Just like a house, when the foundation is not level everything that sits atop is not supported and is crooked. This means that normal foot mechanics can adversely influence the normal functions of the ankle, knee, hip, back, and neck. If left untreated, many foot conditions eventually contribute to health concerns up the kinetic chain.
Summer and warmer weather means more patients wearing sandals and flip-flops. They are very popular for use of a variety of occasions for their casual and comfortable style. A survey on 1,000 females showed that approximately 43 percent of them preferred wearing flip-flops over sports shoes during shopping. And although it’s always fun to kick your typical non-summer footwear aside, sandals are typically known to be the most non-body-friendly footwear.
Wear patterns on shoes can be a useful—though often confusing—indication of problems with the feet. By examining wear patterns, we can understand a patient’s gait cycle and recommend the appropriate adjustments and orthotics to enhance their performance. The confusing part can be explaining why certain conditions lead to certain wear patterns. For example, it’s counterintuitive to patients to explain why their foot rolling inward can cause excessive outer heel wear.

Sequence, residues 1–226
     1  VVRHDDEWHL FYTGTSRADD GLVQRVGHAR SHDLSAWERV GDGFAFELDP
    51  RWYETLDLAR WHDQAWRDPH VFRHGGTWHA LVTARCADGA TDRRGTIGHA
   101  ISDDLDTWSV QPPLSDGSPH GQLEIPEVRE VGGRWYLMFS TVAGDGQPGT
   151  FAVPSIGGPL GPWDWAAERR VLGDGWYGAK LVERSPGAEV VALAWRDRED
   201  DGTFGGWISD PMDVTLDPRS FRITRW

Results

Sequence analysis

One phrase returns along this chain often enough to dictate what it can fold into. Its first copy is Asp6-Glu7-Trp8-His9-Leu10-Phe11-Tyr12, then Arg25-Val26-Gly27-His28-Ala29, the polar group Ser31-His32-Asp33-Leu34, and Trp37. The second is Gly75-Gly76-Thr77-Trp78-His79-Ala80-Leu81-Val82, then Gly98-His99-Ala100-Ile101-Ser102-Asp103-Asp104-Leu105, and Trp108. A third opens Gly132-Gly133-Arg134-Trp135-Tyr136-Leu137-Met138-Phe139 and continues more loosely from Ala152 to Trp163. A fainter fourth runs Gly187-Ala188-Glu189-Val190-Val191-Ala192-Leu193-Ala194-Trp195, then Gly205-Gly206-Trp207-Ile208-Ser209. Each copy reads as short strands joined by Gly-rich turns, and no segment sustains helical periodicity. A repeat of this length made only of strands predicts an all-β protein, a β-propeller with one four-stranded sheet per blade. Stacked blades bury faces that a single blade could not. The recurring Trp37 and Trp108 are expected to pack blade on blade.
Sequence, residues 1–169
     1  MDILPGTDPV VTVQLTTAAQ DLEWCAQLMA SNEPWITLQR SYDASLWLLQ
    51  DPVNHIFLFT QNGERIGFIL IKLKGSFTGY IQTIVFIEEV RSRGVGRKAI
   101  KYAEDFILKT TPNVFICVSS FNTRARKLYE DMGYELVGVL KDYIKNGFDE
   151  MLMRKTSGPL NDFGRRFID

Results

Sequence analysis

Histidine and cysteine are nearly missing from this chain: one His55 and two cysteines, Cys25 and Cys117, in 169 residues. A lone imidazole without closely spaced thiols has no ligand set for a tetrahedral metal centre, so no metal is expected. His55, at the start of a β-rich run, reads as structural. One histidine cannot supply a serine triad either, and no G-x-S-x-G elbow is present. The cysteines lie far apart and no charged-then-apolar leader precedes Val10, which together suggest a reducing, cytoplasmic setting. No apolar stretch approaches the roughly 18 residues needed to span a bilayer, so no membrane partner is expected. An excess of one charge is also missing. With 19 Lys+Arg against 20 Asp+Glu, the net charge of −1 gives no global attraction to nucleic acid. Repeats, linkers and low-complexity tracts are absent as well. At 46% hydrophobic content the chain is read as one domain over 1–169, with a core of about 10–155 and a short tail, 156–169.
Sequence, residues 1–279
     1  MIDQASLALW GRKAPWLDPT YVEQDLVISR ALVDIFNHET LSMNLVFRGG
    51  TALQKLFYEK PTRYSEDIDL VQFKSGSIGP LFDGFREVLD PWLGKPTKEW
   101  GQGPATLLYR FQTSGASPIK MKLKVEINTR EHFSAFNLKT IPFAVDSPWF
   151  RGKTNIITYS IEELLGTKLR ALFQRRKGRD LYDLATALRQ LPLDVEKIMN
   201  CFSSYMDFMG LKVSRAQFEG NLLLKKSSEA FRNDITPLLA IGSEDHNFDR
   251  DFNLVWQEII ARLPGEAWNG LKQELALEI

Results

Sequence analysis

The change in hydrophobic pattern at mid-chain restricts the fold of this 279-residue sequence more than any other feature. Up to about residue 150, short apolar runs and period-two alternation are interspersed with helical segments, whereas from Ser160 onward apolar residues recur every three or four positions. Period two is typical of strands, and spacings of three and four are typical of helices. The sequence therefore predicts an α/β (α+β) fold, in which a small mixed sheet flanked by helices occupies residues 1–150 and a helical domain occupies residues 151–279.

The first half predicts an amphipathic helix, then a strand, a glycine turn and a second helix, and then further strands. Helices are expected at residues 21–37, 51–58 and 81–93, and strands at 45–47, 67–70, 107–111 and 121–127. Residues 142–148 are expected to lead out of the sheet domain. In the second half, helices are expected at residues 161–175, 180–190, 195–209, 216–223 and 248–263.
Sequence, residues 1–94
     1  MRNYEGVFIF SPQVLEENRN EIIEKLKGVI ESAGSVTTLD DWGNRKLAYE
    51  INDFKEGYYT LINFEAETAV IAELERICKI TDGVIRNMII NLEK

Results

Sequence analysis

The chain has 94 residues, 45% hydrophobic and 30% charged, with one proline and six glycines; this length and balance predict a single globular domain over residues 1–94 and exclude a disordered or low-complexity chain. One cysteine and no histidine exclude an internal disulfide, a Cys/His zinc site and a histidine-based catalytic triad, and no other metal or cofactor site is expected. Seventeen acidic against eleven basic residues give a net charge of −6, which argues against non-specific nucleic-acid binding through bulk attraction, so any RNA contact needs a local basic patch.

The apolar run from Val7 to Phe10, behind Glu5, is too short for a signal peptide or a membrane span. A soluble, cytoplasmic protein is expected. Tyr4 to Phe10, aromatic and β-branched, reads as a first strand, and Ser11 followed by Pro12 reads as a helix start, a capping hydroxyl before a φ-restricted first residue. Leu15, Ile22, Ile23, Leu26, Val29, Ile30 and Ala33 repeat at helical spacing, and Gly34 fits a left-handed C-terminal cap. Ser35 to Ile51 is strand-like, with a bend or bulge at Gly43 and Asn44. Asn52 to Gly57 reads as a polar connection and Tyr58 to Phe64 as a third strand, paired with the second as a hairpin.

In order for your adjustment to hold properly, your patients need to maintain proper postural support throughout the day. Patients who quickly or easily slip back into postural misalignment after an adjustment are usually victims of improper support in their shoes. You must ensure your patients’ pedal foundation is corrected and supported all the time, to properly support their pelvis and spine. Davis’s Law says soft tissue models according to imposed demand. If pronation or supination exceeds norms of degree or duration, stability of the entire musculoskeletal complex is at risk.
In September, 2017, after serving for four years as the director of sports injuries and sports biomechanics at Christian Brothers Academy in Albany, New York, I received approval that would allow me to treat students in the school during the school day once a week. Before treatment each student had to first go through a complete biomechanical exam in my office, then go through a report of findings with their parents to decide if they wanted to go through weekly treatments at the school. To date, we have over 45 students getting treated weekly.